Extremely Fine
Extremely Fine (or XF): A note in this grade will be bright, fresh, crisp, and attractive, but a few light folds or bends may be present. The overall eye appeal will be above average, and only the slightest soiling may be visible. A note in this grade might have a few light folds or several very minor bends, or a couple of vertical creases may be present. A note with a horizontal fold and three vertical folds cannot technically grade XF, although a very light horizontal bend that does not "break" the surface of the paper might be acceptable at this grade level if the three vertical folds are not heavy and there are no other apparent flaws. A typical XF note may have a couple of pinholes, but any larger holes would prevent a note from reaching this grade level.

Very Fine
Very Fine (or VF): A VF note should have nearly full remaining crispness, although several folds, wrinkles, or other signs of circulation may be present. Mild soiling might be apparent, but it should not be serious. No tears, stains, or other impairments should be readily apparent, and the note should still have nice eye appeal. Several minor pinholes may be visible when the note is held to a light. The corners may be slightly frayed or slightly rounded at this grade level, but the paper should retain nearly full crispness and there should be no loss of color in the design.

Fine
Fine (or F): A note in this grade will resemble most notes that have spent considerable time in circulation. The piece will have lost some of its crispness, but the paper will still be solid. (A limp note without any crispness will classify at a lower level.) The corners may be slightly frayed or rounded, and the edges may also be frayed. Pinholes may be readily apparent, but none should be large or obtrusive. A few minor edge splits are not uncommon in this grade, but they typically will be within the margin and not affect the design. No major stains or tears may be present, although a stray pencil marking or light teller stamp will not affect the grade at this level if it is not dark or obtrusive.

Very Good
Very Good (or VG): At this grade classification, a note will be heavily worn with slightly rounded corners, frayed edges, or slightly rough margins. The paper will be intact, however, and no large pieces may be missing. A few edge splits may be apparent, although they must not be severe. The note will be limp or soiled from circulation, and some wallet staining may be visible. No major damage is acceptable at this grade level, however, and any note that has a large hole, stain, tear, or missing piece must fall into a lower grade category.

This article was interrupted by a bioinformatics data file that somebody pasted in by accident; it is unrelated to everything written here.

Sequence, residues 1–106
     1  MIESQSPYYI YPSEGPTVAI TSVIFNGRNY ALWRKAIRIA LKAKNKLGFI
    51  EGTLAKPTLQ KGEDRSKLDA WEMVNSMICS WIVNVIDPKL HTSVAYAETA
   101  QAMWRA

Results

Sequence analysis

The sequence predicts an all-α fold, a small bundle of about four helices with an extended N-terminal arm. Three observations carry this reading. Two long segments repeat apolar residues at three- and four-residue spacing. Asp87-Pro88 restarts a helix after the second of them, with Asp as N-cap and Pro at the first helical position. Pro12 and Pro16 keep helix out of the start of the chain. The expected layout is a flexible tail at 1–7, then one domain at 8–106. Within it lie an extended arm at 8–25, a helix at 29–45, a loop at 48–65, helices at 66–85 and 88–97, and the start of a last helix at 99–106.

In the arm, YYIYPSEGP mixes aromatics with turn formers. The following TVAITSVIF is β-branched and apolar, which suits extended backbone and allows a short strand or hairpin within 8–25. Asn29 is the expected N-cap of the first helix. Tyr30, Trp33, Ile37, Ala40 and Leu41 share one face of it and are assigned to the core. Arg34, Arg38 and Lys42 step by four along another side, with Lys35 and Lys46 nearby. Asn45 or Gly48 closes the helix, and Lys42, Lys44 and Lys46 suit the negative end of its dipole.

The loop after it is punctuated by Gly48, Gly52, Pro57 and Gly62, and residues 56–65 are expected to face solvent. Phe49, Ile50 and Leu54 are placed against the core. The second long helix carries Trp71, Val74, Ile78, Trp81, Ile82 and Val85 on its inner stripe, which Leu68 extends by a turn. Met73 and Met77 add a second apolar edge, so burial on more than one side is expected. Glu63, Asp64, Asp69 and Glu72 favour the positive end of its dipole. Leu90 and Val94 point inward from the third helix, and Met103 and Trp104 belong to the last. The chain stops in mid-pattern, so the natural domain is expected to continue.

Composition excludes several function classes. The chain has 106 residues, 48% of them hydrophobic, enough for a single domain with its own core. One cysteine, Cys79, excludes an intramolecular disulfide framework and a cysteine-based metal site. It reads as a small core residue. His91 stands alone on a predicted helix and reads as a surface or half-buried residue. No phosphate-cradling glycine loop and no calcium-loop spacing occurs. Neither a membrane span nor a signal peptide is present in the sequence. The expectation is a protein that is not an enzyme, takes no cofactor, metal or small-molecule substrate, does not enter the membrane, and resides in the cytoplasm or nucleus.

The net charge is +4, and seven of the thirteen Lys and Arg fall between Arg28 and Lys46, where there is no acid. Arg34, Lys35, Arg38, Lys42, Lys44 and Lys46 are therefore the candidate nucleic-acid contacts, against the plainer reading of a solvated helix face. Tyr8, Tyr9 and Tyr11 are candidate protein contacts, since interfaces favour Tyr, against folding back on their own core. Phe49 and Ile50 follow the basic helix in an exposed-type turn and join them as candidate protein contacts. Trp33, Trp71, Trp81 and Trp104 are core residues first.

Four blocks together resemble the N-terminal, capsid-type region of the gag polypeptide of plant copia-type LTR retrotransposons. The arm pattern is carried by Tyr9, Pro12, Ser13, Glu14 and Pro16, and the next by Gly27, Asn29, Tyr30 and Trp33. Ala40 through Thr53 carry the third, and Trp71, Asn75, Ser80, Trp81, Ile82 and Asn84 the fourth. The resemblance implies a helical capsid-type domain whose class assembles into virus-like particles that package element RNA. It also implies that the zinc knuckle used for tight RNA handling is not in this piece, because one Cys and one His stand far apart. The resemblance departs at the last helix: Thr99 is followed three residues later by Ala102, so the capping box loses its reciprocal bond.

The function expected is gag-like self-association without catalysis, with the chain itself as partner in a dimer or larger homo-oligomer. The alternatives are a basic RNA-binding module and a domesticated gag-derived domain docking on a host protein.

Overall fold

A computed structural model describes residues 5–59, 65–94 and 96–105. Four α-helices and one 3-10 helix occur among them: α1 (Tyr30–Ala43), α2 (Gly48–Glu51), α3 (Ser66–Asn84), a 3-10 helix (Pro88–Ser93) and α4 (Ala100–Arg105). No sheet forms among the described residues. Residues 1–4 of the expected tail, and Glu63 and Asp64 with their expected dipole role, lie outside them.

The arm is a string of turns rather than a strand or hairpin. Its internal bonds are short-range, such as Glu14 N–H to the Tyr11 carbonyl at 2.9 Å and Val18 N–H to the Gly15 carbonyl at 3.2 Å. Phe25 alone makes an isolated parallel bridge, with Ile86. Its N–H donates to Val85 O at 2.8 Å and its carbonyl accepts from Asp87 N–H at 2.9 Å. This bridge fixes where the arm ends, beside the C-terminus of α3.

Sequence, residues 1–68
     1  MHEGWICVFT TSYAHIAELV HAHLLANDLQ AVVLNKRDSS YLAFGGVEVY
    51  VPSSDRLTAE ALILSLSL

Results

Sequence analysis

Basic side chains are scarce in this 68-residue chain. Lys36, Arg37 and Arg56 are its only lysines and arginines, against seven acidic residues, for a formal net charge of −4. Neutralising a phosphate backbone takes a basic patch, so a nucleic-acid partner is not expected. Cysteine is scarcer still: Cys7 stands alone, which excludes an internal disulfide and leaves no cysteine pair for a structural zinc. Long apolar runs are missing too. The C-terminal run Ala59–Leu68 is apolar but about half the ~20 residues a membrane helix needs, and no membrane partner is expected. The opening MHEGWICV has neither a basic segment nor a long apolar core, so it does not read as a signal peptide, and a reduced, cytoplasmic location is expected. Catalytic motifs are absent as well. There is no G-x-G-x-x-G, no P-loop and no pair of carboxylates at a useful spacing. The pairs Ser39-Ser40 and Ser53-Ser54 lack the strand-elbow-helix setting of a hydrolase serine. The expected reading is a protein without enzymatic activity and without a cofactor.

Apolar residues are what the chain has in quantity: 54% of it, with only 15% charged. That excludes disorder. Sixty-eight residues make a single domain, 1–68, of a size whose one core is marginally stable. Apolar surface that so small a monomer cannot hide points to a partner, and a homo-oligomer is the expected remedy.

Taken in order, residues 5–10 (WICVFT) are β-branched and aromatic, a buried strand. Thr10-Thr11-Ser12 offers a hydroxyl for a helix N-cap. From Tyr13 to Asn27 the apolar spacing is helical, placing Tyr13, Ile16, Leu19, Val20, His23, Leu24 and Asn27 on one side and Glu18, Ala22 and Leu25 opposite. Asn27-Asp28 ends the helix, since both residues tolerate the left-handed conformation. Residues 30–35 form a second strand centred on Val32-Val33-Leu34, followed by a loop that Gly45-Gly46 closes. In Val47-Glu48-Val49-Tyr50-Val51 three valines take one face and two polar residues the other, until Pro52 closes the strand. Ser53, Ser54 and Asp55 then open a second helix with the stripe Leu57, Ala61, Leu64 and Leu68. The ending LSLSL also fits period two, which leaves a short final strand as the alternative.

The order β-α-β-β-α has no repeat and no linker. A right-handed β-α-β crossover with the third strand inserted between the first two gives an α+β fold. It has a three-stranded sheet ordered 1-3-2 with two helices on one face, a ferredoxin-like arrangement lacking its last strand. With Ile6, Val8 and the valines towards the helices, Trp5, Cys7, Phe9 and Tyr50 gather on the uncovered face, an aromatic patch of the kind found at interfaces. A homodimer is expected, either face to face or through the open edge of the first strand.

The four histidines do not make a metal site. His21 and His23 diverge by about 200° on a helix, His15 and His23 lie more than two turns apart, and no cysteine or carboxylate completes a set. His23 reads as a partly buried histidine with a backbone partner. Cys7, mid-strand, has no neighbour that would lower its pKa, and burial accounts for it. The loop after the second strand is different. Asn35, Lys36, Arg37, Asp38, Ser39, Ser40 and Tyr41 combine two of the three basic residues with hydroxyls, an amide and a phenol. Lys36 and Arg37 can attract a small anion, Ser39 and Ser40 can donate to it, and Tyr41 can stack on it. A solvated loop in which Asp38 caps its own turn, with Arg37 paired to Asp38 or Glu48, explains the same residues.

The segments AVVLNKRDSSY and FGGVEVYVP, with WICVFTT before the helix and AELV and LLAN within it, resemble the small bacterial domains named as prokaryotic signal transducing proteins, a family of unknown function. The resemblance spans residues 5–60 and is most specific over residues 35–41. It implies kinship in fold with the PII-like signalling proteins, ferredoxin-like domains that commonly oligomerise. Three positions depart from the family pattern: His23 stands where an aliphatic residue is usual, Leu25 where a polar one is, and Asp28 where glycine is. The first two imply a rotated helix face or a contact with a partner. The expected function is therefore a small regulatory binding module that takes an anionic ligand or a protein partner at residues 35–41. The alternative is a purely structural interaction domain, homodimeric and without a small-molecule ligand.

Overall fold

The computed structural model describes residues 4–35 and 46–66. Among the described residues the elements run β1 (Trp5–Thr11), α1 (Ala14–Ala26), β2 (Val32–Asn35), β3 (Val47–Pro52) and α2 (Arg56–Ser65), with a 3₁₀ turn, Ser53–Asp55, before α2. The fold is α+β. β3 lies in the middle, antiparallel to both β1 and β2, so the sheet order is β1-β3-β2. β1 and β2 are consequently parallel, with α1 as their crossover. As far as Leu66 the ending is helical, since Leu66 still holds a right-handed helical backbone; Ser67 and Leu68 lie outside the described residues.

Good

Good (or G): A note in this grade will be heavily worn, soiled, torn, taped, holed, or missing small pieces from the design. It will still be roughly intact, and readily distinguishable by series and design type. Damage or wear may be rather severe, but any note that is missing large portions of the design or is barely attributable may fall into an even lower grade classification, such as Fair or Poor.

A brief comment about intermediate grades
Intermediate grades such as XF-AU, VF-XF, Fine-VF, VG-Fine, or Good-VG are often used to indicate a note that is nicer than the lower grade level, but just misses the higher classification. For example, a note with three vertical folds and a horizontal fold cannot technically grade XF, but it might be much nicer than a typical VF-an intermediate grade of VF-XF is then used in this instance. A plus sign (+) may also be occasionally affixed to a grade, indicating that the note is a nice, problem-free note for the assigned grade with claims to a higher classification.

Processed, washed, and pressed notes